http://www.streetsblog.org/2012/09/25/widow-of-manhattan-pedestrian-rubin-baum-not-likely-to-see-justice-done/

    If only he had LOOKED out for himself—right, Mr. LaHood?

    And last spring, UPS worker Mike Rogalle had the audacity to “jaywalk” down the sidewalk, separated from all intersections by poured concrete, which is exactly where an FDNY inspector needed to land his out-of-control GMC SUV at that moment. If only Rogalle had LOOKED, and LEAPED out of the way, this tragedy could have been avoided. He would not be lumped in with the shameful 80% (or 79%, but who’s counting?) of pedestrians who somehow manage to get themselves run over at “non-intersections”.
    http://www.streetsblog.org/2012/04/26/mike-rogalle-killed-by-curb-jumping-driver-in-manhattan-no-charges-filed/

    Needless to say, no drivers involved in the above killings are expected to be prosecuted, and the investigations conducted are cursory at best. Perhaps we need a fancy LOOK campaign directed at our own local and national transportation bureaucrats?

    And thanks, Streetsblog, for following up on this. Regular readers knew LaHood’s figure was bogus at first glance, but these lies need to be refuted over, and over again.

  • What LaHood HIDES

    Today U.S. Transportation Secretary Ray LaHood announced that for normal drivers without sucky brakes and no steering  the fatality rate for non idiot train drivers was 1 person killed per  917,431,119  vehicle miles traveled. But the kill rate for trains with sucky brakes and no steering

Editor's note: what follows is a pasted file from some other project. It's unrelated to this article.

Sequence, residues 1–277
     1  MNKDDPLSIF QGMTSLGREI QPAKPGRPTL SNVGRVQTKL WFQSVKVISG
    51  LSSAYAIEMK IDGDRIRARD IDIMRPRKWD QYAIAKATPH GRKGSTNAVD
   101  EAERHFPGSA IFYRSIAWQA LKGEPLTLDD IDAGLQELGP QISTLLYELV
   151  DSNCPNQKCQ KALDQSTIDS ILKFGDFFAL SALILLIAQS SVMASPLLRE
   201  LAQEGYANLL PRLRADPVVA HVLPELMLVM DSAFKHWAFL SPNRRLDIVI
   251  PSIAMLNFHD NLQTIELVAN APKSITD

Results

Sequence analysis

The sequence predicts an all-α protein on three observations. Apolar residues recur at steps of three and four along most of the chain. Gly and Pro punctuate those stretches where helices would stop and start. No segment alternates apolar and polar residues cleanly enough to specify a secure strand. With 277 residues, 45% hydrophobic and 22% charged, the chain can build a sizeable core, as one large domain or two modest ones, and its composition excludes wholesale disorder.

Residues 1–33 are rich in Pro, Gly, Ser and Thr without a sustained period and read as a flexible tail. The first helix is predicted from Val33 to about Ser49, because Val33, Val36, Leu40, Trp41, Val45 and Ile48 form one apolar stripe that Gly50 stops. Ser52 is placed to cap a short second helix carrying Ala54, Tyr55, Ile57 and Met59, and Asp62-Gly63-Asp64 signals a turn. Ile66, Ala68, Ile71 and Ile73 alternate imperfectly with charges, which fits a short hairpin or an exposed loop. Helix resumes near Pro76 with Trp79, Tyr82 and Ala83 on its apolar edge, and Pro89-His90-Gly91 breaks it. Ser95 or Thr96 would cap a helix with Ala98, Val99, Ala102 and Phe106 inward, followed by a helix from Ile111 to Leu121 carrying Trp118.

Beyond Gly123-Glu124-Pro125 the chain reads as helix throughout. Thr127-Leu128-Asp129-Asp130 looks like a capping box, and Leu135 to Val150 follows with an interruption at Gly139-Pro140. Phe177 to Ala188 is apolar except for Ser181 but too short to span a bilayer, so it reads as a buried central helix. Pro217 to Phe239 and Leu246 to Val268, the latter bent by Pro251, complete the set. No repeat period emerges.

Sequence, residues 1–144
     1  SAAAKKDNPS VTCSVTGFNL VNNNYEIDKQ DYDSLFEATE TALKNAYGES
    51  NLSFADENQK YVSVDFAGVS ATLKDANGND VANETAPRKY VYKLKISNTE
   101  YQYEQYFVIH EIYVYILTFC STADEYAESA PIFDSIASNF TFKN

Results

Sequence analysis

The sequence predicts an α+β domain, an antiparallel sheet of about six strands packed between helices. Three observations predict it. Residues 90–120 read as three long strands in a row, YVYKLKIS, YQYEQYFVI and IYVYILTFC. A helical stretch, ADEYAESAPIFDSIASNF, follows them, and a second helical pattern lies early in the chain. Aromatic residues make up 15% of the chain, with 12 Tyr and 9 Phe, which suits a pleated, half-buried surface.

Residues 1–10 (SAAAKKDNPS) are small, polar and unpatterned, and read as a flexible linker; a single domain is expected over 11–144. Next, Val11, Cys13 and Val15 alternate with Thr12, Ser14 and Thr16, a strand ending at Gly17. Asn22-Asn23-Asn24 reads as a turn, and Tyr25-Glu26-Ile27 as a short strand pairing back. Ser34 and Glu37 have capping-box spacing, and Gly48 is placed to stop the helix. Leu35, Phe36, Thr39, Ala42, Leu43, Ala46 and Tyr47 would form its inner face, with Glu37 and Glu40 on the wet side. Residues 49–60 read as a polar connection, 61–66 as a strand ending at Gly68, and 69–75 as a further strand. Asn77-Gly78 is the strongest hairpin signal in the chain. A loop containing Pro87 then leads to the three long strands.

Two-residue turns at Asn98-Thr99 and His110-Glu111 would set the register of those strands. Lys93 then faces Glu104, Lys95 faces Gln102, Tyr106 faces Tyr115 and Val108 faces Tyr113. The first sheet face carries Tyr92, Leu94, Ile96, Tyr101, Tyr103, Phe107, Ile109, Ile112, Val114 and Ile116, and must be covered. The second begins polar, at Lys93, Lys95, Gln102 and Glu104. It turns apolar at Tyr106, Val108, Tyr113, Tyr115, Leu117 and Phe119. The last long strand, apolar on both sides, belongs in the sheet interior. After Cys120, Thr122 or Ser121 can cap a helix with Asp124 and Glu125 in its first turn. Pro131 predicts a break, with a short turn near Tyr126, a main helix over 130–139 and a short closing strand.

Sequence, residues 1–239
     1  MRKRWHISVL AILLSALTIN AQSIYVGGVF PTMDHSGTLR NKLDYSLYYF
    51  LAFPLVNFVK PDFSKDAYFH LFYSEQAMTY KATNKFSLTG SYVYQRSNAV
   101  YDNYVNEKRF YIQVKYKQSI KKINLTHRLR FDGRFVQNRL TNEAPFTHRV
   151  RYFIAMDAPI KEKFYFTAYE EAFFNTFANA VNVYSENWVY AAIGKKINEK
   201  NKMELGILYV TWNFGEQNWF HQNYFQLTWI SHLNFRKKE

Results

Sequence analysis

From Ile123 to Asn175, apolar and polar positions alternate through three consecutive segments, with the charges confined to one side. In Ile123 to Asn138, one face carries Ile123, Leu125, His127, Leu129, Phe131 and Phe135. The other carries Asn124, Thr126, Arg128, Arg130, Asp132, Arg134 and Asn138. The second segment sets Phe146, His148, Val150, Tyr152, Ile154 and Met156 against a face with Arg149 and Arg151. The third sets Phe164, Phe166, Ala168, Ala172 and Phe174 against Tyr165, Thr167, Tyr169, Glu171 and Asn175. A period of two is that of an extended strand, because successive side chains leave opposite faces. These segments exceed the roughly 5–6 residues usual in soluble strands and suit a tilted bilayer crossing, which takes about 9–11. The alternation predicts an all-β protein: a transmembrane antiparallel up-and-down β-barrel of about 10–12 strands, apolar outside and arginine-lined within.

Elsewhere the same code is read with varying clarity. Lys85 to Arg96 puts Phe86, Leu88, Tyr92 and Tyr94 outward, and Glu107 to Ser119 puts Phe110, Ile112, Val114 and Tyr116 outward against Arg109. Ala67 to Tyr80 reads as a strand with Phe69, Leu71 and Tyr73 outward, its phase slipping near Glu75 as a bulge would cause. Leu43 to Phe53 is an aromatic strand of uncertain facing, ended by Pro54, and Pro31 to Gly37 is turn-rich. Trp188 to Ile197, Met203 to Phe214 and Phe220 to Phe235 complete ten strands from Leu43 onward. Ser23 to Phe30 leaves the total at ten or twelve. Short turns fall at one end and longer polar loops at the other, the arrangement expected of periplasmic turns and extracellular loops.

…Amtrak trains would kill  2,983 people in the same 917, 431, 119 miles traveled.
    …BNSF Amtrak trains would kill  679  people in the same 917, 431, 119 vehicle miles traveled.
    …CSX  trains would kill  1,354 people in the same 917, 431, 119 vehicle miles traveled.
    …Norfolk Southern  trains would kill  674 people in the same 917, 431, 119 vehicle miles traveled.
    …Union Pacific trains would kill  755 people in the same 917, 431, 119 vehicle miles traveled.
    Secretary Ray LaHood  also said he was covering the railroads mass trail of death and destruction.
    http://www.nhtsa.gov/PR/NHTSA-05-11
    U.S. Transportation Secretary Ray LaHood “”” with 1.09 fatalities per 100 million vehicle miles traveled”””
    one death in 917,431,119 miles traveled

    ++++++++++++++++++
    2010
    1.03 – Overview Charts By Railroad
    CSX—78.6 million total train miles
    116 deaths
    1 death every  every  677,586 miles traveled
    CSX in 917,431,119 train miles has 1354 deaths.
    Amtrak —40.6 million  total train miles
    132 deaths
    1 death per  307,575 miles traveled